Later in the book, there comes a time in act 2 scene 8, when shylock is given the full villain image. This is when Jessica actually runs away. The imitation given of shylock when he found out was explained by Solano and Saleroom and apparently, he had been in a state of shock and cried, ‘My daughter! O my ducats! O my daughter! Fled with a Christian!’ This wasn’t a surprise to me, as I knew he didn’t like Christians. However, when he cried for Jessica to be found, we see that this was not out of love, but in fact his money. He cries, ‘Justice! Find the girl! She hath the stones upon her, and the ducats!’ According to me, being with a Christian and the fact that she has his money should be the last things on his mind. Jessica is his daughter and she could easily be in an unsafe place where she didn’t want to be.

Because Jessica had now run away with a Christian, when shylock finds out about this, he is even more hateful towards Christians. I feel this was unfair, as it was Jessica’s choice as well as Launcelots.

In Act 3 scene 3, Shylock appears with Antonio and Solanio, and he is arguing that he did not get his bond. Here I start to feel sorry for him, as the bond was a promise, and shylock also keeps talking about how Antonio hates him, which also makes me sympathize. This, once again, made him seem a victim, but this time I stuck with thinking he was a villain, as, when I looked back overall, he seemed a bigger villain than a victim.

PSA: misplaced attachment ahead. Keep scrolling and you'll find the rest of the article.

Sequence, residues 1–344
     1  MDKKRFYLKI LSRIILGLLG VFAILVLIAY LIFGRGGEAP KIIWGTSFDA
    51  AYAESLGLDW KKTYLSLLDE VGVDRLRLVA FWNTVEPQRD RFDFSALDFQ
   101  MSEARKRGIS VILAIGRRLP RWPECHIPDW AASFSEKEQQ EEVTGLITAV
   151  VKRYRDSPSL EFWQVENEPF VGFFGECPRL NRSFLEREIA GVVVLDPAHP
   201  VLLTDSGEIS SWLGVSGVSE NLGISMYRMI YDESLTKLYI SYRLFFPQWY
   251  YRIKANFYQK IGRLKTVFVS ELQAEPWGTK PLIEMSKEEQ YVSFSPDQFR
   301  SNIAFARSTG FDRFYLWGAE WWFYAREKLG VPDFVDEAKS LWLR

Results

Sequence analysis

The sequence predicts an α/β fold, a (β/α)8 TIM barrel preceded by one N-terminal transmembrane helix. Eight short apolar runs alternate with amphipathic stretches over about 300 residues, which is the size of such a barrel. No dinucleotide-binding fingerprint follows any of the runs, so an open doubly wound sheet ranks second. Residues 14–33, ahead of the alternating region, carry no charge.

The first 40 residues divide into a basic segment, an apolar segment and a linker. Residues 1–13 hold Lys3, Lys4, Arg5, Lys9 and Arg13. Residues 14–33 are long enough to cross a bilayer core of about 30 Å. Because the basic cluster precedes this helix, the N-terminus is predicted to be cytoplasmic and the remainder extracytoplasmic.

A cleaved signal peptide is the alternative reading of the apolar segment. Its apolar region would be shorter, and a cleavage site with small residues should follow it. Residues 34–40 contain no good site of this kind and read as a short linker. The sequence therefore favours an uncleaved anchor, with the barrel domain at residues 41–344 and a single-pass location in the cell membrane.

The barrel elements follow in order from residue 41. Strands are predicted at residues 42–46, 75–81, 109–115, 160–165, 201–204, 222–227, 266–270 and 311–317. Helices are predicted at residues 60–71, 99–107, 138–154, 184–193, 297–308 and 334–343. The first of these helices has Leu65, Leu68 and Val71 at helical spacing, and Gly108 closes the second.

Referring back to the question, one thing I had to keep in mind was the opinions of both audiences, nowadays, and the audience in the actual Shakespearean times. The main point I made in this essay was the racism, as that is an issue that has changed quite a lot over the years. As opposed to today, people back then thought nothing of racism, so to them shylock would continue being a victim whatever he did. But nowadays people are more sympathetic towards victims of racism, so shylock is less of a victim. However, after the examples I have read over, I still see him as a victim.